Pros & Cons Of Converting Micro-Cap Debt To Equity.

Pros & Cons Of Converting Micro-Cap Debt To Equity.

It seems like more and more small investment firms in the micro-cap space are looking to convert third party debt of micro-cap public companies into equity. Most micro-cap CEOs probably get calls every day with offers to “restructure their debt”, “clean up their balance sheet”, “convert their old debt to equity”, “eliminate liabilities”, etc.

Using  rule 144 and/or the exemptions available under Section 3(a)(9) or 3(a)(10) of the Securities Act, investors usually create free trading stock quickly by eliminating an issuer’s debt. While there are instances where converting debt to equity can be truly beneficial for an issuer, the majority of micro-cap debt to equity conversions leave issuers worse off than before the restructure.

So when does converting micro-cap debt to equity make sense?  In my opinion, debt restructures are most helpful for revenue generating companies who can use cash, that would have been used to pay debt, to fuel growth. For pre-revenue companies,  a debt restructure tends to be a much riskier proposition.

Below, I break down the Pros & Cons Of Converting Micro-Cap Debt To Equity.

PROS:

1. Repurpose Cash Flows – Revenue generating companies can repurpose cash flow to fuel growth. Income that would have been slated to pay liabilities can be used for other purposes. By reducing or eliminating payables for things like inventory, marketing, R&D, and general admin, a company can temporarily increase available cash flows from operations and use those cash flows to fund growth.

2. Maintain Creditor Relationships – Converting liabilities into equity allow issuers to maintain a strong relationship with creditors. Meeting obligations to creditors (including investors, lenders, suppliers, and service providers) allow for continued access to those credit sources.

3. Speed – When creditors need to be satisfied quickly, converting debt to equity tends to be one the fastest options. With no registration statements, no extensive underwriting or due diligence, and “boilerplate” legal documentation, investors in these transactions can fund in as little as a few days with minimal upfront costs to the issuer.

CONS:

1. Little Value Creation – Debt to equity conversions usually do little in the way of creating traditional value for micro-cap issuers and their shareholders. Maintaining a strong relationship with a key creditor or supplier can be important and beneficial but the costs often outweigh the benefits.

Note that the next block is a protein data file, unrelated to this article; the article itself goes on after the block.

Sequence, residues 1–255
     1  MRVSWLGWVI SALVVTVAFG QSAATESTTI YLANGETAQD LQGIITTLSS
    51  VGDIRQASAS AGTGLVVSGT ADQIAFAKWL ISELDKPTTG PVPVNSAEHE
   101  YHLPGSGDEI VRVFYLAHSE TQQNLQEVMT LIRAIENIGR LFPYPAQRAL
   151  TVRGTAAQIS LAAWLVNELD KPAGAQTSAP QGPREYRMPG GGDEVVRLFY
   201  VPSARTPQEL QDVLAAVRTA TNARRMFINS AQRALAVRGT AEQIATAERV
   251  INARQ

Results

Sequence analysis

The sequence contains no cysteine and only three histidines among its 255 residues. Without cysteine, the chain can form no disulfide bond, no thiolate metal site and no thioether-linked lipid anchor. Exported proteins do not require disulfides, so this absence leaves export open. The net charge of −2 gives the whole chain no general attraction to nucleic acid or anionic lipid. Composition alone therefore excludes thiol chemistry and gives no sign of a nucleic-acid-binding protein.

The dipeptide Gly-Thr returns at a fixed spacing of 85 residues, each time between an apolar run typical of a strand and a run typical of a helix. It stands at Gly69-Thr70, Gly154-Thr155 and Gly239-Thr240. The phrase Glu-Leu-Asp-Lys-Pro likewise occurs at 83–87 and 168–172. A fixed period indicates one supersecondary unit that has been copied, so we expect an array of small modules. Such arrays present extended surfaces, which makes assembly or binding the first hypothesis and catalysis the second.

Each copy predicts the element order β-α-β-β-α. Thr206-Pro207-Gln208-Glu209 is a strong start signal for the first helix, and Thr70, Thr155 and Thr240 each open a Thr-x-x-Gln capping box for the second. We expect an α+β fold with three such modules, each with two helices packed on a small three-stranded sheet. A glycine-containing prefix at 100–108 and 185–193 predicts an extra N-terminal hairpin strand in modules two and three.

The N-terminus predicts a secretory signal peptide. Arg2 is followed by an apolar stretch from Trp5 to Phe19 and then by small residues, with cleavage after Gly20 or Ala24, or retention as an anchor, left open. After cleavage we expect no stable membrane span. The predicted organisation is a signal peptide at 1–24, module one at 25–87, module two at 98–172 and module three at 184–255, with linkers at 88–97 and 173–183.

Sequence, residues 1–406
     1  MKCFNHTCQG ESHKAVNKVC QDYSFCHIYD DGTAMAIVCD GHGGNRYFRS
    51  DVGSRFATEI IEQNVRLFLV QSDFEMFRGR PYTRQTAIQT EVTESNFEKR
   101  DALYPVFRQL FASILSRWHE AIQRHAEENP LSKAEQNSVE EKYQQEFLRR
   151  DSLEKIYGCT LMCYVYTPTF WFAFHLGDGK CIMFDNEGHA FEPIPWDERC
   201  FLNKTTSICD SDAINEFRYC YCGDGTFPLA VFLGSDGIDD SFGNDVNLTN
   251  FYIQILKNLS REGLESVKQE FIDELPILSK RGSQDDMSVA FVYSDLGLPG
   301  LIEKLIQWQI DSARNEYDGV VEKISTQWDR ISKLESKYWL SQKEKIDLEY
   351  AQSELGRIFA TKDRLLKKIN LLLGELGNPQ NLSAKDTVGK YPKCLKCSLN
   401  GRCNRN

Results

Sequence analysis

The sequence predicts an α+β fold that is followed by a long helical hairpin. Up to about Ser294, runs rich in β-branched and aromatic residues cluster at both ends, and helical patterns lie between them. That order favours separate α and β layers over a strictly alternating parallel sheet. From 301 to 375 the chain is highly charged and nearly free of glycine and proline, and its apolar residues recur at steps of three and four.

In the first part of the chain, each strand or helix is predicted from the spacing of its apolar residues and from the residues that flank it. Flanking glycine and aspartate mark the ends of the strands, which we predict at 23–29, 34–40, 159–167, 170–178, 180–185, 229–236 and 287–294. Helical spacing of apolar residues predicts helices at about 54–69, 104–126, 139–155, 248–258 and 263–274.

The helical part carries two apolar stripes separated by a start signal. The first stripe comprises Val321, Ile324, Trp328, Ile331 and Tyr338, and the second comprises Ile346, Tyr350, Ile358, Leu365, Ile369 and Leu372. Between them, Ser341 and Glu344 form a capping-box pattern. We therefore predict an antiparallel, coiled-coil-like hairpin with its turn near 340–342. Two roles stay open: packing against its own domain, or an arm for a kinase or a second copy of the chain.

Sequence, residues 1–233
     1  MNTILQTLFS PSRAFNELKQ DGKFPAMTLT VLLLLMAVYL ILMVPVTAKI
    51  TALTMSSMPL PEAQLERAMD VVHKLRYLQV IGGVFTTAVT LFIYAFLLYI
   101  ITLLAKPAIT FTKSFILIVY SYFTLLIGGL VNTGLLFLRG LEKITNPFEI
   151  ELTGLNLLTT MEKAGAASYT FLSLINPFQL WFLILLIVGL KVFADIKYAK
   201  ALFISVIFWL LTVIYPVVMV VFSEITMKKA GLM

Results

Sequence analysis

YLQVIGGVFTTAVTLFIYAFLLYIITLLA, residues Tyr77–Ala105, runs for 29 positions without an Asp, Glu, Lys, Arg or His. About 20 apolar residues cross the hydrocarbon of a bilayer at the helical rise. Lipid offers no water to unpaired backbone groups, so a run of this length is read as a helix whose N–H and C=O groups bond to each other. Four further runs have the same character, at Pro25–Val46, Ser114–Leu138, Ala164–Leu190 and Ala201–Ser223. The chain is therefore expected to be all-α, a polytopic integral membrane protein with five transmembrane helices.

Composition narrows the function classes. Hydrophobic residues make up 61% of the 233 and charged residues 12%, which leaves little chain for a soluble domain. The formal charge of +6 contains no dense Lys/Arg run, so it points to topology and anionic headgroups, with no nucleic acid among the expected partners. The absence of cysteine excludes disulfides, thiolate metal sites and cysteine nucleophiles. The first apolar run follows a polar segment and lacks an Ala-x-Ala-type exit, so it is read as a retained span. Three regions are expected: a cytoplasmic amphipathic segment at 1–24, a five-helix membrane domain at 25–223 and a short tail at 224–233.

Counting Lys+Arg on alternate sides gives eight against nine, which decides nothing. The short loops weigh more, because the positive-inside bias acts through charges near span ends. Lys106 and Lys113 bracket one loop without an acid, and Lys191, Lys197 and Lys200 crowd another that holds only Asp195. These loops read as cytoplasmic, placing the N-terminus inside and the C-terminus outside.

2. Poor Reception – Investors usually view these transactions as a last ditch effort by management. Some of the standard debt to equity terms can be discouraging to market investors and future direct equity investors. With little value creation and less than ideal terms, market support for newly issued (primarily free trading) equity tends to be limited.

3. Temporary Solution – These transactions usually don’t solve long-term cash flow and/or financing problems. Rather, they tend to hamper an issuer’s ability to raise future funding and don’t provide a path to satisfying the same creditors in the future. Additionally, satisfying older liabilities, that may not have required immediate payment, only increases short-term dilution without solving the issuer’s short-term business or financing needs.

In short, converting debt to equity can be a useful tool but it is often used in the wrong situations, by the wrong companies, for the wrong reasons. In my opinion, these types of transaction best serve revenue producing companies and do more harm than good for pre-revenue micro-cap issuers.


About Ben Kotch:

Ben Kotch is a managing director and investment committee member at Acquis Capital, LLC, a private investment firm that specializes in acquisitions. He has extensive experience with both private and public companies. Ben graduated with an economics degree from Bentley University where he concentrated in entrepreneurship and law.

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